Struggling For Stocks To Buy? Royal Dutch Shell Plc Is Top Of My List

I was intrigued to read recently that TPG (one of the world’s biggest private equity groups) has taken the unusual step of asking investors in its $19bn flagship fund if it can have an extra year to spend an additional $3bn of unspent capital.

Indeed, the fund is even offering to waive various management fees so as to obtain the consent it seeks from its limited partners.

Clearly, TPG is struggling for things to buy and, although private equity groups may have a very different investment universe to Fools like us, I seem to be coming across quite a few private investors who are also faced with a similar problem.

Of course, it is of little surprise since the FTSE 100 is currently trading on a price-to-earnings (P/E) ratio of 14.8. Naturally, many investors will feel that there is, therefore, not much worth buying.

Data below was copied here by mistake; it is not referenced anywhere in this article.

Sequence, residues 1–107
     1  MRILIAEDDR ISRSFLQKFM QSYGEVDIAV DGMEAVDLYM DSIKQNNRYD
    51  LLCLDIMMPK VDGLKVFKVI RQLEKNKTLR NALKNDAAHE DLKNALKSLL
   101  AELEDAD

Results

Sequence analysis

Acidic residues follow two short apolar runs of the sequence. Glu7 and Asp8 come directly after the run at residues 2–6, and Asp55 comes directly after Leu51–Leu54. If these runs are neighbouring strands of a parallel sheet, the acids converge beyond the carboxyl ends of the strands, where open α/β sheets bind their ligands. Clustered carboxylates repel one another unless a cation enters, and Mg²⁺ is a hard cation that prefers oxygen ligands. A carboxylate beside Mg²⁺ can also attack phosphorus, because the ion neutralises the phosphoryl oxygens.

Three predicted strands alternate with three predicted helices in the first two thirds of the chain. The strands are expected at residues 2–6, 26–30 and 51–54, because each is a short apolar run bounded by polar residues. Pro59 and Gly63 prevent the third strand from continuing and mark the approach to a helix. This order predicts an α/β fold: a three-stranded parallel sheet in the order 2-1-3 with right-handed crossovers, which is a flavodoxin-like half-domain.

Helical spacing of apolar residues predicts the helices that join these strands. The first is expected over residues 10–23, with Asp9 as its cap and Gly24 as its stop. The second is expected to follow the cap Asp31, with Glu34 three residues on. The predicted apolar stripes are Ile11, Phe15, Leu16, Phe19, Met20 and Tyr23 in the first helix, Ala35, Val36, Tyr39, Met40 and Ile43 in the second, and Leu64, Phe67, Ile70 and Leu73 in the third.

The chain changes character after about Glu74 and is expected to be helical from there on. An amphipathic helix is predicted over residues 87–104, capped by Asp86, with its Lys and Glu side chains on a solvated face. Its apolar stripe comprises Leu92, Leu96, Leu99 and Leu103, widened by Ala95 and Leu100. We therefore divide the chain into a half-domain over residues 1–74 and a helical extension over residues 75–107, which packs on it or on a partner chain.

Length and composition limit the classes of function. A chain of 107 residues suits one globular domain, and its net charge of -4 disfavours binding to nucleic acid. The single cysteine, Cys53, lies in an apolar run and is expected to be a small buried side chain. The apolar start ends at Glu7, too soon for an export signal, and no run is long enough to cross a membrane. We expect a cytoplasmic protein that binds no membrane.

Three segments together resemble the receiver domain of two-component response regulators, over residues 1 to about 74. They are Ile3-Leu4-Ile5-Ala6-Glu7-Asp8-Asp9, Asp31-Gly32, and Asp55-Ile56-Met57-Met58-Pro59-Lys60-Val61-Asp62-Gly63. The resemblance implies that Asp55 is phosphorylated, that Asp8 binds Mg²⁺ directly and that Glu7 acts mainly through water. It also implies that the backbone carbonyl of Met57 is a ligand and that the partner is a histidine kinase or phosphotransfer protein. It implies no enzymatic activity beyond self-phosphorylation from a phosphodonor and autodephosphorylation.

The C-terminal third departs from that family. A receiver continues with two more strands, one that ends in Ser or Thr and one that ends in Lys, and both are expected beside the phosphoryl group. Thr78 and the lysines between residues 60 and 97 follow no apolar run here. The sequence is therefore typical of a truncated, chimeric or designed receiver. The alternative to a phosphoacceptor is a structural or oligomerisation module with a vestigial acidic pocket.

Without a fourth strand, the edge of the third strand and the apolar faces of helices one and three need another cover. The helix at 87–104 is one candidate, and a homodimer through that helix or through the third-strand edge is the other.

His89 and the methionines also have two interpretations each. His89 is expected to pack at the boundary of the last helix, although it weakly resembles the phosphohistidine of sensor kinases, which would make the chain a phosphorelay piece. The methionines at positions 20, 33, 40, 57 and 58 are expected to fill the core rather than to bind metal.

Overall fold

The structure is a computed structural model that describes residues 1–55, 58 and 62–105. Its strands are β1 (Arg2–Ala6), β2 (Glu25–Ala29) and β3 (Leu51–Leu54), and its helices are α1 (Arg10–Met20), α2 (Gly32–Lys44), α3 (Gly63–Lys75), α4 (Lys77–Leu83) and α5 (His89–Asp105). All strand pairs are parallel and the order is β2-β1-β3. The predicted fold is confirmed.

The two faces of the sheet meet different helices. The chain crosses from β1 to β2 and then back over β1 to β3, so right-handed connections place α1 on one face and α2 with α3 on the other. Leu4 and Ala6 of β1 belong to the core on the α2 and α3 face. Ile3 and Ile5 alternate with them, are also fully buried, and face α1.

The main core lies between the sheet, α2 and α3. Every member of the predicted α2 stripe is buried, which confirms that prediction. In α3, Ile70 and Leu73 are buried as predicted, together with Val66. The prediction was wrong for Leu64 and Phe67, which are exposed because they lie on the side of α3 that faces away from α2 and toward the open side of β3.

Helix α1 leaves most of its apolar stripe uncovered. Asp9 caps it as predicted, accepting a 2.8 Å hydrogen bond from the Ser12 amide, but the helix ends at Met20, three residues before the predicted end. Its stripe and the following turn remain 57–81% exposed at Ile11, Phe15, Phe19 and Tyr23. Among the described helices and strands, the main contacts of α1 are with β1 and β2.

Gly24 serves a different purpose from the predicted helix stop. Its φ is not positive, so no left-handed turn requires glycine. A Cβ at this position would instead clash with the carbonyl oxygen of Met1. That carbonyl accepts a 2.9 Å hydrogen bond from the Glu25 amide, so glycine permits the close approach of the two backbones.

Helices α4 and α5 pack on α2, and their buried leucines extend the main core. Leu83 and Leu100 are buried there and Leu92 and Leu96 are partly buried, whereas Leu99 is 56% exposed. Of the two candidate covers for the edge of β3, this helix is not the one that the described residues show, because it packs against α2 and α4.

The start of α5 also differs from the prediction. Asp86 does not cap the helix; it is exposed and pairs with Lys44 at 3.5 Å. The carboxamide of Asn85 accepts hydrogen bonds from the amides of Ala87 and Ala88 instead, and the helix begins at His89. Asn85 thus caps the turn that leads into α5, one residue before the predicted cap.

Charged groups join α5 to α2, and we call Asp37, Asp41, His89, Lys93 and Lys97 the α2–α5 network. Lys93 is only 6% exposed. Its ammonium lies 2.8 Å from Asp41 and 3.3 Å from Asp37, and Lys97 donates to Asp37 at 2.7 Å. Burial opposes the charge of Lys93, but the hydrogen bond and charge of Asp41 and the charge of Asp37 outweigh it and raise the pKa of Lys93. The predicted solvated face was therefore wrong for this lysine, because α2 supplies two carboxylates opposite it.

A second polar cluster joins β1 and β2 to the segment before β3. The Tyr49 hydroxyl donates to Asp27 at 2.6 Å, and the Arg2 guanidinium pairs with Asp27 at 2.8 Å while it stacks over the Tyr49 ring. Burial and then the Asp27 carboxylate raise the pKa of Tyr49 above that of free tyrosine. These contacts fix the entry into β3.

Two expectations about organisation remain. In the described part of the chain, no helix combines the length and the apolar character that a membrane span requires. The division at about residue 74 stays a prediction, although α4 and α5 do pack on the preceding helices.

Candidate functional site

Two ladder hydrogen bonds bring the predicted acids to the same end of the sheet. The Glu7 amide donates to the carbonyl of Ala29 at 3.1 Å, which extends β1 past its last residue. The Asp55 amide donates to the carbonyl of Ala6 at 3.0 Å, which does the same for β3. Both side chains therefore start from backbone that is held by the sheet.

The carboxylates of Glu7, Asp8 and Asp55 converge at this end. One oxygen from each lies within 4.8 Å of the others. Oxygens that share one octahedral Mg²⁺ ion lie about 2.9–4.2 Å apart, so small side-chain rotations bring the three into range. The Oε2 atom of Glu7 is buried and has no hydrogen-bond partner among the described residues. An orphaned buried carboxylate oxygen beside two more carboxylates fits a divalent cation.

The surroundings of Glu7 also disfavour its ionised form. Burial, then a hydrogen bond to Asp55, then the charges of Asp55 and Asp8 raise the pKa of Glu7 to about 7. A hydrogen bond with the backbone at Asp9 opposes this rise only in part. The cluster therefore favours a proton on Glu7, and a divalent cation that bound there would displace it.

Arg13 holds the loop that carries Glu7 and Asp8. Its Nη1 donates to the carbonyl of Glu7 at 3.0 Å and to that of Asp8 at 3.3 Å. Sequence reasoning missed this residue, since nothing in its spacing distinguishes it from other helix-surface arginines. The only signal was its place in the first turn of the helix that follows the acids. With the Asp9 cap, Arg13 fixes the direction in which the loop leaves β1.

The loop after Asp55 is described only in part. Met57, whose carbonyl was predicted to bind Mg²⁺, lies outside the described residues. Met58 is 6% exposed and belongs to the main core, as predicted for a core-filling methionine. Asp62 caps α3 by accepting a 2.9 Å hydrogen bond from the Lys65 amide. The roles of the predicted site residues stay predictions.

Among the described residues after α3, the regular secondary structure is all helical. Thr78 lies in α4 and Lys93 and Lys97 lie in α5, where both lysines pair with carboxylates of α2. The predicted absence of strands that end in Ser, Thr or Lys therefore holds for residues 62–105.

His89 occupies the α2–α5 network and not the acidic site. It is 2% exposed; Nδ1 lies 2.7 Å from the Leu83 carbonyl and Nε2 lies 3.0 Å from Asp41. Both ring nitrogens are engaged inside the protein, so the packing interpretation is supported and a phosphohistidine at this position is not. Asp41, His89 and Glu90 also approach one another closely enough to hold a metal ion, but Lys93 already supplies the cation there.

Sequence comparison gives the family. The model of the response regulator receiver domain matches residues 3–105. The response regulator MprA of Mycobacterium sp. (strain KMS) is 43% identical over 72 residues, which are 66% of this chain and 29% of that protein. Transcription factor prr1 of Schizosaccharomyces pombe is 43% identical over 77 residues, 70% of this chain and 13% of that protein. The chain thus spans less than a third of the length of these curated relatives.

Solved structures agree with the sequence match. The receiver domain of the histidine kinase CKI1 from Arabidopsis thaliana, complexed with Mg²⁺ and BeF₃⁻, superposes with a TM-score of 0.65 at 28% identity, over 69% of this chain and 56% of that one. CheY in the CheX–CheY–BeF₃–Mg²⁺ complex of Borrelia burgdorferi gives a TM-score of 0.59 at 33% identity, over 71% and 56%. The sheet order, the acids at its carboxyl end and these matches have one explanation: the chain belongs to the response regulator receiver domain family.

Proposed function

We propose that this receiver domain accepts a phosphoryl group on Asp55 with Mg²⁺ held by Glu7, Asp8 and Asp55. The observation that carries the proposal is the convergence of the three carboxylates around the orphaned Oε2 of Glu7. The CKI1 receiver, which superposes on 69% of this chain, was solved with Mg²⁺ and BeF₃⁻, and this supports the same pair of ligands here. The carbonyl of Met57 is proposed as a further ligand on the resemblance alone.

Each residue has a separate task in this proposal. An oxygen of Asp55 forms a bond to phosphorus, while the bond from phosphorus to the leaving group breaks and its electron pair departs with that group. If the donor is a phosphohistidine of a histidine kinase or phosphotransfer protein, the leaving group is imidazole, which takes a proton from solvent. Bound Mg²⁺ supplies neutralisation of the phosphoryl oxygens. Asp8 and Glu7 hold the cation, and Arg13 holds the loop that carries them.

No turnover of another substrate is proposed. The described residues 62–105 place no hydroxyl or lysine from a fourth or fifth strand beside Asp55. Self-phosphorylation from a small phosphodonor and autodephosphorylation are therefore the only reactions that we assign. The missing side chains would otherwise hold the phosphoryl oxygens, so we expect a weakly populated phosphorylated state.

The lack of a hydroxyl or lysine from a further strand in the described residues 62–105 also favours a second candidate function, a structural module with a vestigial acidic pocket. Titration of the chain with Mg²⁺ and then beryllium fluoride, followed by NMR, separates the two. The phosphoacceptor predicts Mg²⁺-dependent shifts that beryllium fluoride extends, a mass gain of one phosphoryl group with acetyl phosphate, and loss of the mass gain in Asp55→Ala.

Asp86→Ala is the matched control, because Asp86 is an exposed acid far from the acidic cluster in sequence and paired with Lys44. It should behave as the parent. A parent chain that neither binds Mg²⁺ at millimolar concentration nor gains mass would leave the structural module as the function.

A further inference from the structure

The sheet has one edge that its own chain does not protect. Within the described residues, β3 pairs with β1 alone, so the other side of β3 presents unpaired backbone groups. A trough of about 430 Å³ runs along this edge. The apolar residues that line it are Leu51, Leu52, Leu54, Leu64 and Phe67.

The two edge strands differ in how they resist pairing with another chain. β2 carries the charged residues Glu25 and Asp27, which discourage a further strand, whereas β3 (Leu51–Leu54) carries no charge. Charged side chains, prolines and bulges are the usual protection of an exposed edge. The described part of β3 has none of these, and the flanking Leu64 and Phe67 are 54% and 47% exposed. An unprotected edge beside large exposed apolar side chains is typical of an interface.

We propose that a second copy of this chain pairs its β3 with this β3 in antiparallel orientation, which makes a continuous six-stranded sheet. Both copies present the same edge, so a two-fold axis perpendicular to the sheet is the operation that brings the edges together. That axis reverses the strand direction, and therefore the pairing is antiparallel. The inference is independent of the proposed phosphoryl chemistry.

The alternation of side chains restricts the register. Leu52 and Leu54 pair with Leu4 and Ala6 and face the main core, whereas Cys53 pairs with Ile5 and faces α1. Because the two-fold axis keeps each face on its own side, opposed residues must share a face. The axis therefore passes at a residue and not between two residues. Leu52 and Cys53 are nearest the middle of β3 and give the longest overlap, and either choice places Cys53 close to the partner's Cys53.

Well, not all of the market is too pricey…

One stock that I’m excited about is Royal Dutch Shell (LSE: RDSB) (NYSE: RDS-B.US). It had a slightly disappointing set of results recently, which saw shares fall but, in my view, the market overreacted because Shell remains a compelling investment.

Clearly, a large number of private investors are going to be concerned about the Bank of England’s decision to raise the inflation target from 2% to 2.5%. This is akin to accepting that inflation will be higher in future than it has been in the past. Therefore Shell’s yield of 5% is extremely welcome.

In addition, Shell trades on a P/E that is nowhere near the FTSE 100 P/E of 14.8. In fact, Shell’s P/E is less than two-thirds of this at 8.6. Furthermore, this compares favourably to the oil and gas sector that has a P/E of 12.7.

So, if you want to buy a high-yielding stock at a good price, Shell should be top of your list. In fact, there are 5 other stocks that should be on your list too and you can view them by clicking here for an exclusive report.

It’s completely free and the companies featured are most accurately described as ‘5 Shares You Can Retire On’.

> Peter owns shares in Shell.